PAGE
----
And even roll call votes themselves are increasingly misleading as omnibus legislation and resolutions dominate a gridlocked legislature. In mid-September, the House and Senate both approved an appropriations measure that would continue to fund government after October 1, 2014. That same resolution contained language and funds allowing the administration to train and aid Syrian rebels, “$88 million in additional funding to combat the Ebola epidemic, $64 million for the Department of Veterans Affairs and $6 million for the Commodity Supplemental Food Program, which helps low-income people obtain nutritious food” (Shabad and Cox 2014). The administration supported the bill, but did a vote for the funding of government signify support for the administration? Did it signify the desire merely to avoid a shut down? Did it signify support for the president’s request to authorize air strikes? Was it a vote to fight Ebola or help poor people in need of food? That vote carried multiple meanings, but it will probably be scored by CQ as supporting the administration even though a vote for it or against it could explained variously depending upon where one sits.

The outlook is not all dim for political science and the study of representation. Justin Grimmer’s (2013, 2014) recent work shows how the tools of textual analysis can illuminate how members of Congress chose to communicate and connect with constituents. Greg Koger’s (2010) wonderful book on the filibuster emphasizes sequence, context, and timing whilst taking aim squarely at the wrongheaded assumption of single-peaked preferences. Neither follow politicians around, but both demonstrate both a complex understanding of politics combined with sophisticated quantitative analyses.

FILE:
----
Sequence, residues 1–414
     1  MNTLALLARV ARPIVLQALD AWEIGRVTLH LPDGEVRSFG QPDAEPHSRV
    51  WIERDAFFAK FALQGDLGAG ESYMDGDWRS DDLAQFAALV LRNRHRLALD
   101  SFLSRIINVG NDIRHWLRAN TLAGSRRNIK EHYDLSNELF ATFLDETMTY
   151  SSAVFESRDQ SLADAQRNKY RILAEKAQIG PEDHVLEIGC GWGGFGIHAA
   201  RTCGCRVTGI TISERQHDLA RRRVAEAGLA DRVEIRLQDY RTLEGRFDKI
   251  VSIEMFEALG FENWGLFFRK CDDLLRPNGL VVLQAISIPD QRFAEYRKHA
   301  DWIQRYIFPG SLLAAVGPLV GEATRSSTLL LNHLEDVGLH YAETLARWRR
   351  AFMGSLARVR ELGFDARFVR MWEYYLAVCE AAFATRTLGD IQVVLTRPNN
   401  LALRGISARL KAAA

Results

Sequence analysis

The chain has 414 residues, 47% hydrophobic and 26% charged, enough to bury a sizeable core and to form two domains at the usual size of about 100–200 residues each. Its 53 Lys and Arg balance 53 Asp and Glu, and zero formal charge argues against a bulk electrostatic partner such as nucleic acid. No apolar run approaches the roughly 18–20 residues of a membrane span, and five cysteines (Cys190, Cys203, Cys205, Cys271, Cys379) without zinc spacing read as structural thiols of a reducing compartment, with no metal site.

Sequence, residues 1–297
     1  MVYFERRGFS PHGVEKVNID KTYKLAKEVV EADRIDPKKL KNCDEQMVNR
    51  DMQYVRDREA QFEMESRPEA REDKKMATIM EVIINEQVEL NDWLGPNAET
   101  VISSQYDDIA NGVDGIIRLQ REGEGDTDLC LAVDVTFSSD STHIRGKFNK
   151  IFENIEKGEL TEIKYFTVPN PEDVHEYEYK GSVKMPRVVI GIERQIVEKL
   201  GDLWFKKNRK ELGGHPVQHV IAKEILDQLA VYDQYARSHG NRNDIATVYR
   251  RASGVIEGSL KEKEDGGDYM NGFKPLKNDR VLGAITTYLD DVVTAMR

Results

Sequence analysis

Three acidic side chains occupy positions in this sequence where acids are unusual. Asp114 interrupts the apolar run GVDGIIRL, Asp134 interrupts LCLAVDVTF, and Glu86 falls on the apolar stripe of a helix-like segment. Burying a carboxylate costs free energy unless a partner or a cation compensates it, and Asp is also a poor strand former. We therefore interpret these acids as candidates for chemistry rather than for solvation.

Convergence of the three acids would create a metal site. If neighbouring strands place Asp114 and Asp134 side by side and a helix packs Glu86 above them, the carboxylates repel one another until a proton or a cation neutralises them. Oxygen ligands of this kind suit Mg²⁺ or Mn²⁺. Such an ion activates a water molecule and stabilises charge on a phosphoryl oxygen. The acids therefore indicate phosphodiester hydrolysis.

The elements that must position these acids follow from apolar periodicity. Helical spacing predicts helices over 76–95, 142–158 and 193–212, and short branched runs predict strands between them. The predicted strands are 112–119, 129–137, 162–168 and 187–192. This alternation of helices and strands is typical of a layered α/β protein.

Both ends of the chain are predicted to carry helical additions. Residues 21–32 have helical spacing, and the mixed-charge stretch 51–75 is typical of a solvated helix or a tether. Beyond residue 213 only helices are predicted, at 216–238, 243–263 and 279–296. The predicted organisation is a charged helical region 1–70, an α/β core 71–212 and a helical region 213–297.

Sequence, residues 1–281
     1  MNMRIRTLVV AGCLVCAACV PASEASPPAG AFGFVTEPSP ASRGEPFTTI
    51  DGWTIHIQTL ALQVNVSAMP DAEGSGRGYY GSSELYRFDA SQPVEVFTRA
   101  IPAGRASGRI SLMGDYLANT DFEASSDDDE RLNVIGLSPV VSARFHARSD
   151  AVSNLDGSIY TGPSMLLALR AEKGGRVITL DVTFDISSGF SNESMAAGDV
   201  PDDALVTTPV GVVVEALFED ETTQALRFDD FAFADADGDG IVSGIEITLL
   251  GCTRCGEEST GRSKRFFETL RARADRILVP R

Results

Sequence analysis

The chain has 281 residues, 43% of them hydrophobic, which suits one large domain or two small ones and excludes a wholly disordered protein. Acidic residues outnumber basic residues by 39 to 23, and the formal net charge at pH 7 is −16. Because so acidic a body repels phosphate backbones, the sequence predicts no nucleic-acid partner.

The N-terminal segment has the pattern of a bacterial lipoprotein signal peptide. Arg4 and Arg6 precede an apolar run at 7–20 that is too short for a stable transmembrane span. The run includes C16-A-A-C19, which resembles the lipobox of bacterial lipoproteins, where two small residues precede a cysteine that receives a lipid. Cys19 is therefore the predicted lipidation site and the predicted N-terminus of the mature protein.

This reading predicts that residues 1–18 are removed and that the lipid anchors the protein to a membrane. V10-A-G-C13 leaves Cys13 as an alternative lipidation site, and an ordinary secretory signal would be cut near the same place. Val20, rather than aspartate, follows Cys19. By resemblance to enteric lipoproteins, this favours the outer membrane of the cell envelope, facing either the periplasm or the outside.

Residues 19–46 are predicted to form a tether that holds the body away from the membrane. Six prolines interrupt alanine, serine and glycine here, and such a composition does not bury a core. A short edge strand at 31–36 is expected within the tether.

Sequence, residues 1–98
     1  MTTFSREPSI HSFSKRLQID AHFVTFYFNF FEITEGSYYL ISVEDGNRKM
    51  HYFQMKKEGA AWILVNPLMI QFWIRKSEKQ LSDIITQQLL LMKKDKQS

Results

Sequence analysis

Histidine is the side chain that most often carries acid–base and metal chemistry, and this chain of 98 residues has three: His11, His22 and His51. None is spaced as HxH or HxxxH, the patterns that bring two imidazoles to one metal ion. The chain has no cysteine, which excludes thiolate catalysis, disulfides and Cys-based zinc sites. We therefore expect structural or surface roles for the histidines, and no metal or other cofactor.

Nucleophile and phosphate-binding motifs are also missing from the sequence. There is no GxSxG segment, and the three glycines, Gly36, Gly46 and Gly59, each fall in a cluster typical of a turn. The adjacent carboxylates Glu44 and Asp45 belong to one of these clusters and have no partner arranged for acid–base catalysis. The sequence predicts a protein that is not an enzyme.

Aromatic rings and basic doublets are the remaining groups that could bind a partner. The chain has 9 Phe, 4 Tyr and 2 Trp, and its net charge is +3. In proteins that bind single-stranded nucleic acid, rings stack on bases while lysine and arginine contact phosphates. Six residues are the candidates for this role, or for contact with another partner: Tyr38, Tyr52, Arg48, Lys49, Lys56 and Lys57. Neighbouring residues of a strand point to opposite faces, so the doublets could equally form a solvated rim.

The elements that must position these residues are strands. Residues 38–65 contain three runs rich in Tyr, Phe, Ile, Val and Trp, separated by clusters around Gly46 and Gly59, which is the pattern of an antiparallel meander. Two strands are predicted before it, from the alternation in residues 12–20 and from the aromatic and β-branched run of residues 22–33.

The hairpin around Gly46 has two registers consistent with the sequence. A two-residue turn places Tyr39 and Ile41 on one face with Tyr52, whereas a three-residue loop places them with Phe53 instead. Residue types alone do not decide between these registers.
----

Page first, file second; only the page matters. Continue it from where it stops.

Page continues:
But we don’t have to rely upon Stata and R alone to make insights into the political process. Spending time with politicians reminds us that representation and legislating are complex concepts difficult to nail down precisely with just one or two measures. The more exposure we get as political scientists to how politicians do their jobs, the more we see and the better the theories we develop. As I write in the final chapter of my book, political scientists just don’t “do” Fenno anymore. That’s a shame because Richard Fenno’s soaking and poking did not exhaust the sights for political science to take in. There is still much to see and learn. We ought to start doing it—on the campaign trail, in Washington, and through the use of congressional archives where we can observe the second face of power. The end result makes our research more accessible, more relevant, and ultimately, theoretically richer.

Dr. Parker is an associate professor of political science at Montana State University. He is the author of The Power of Money in Congressional Campaigns, 1880-2006 (Norman: University of Oklahoma Press), as well as articles on the consequences of divided government and how members of Congress build reputations with their constituents. His article, “Making a Good Impression: Resource Allocations, Home Styles, and Washington Work,” won the 2010 Alan Rosenthal Award from the American Political Science Association. His co-edited volume on archival research methodology, Doing Archival Work in Political Science, was published by Cambria press.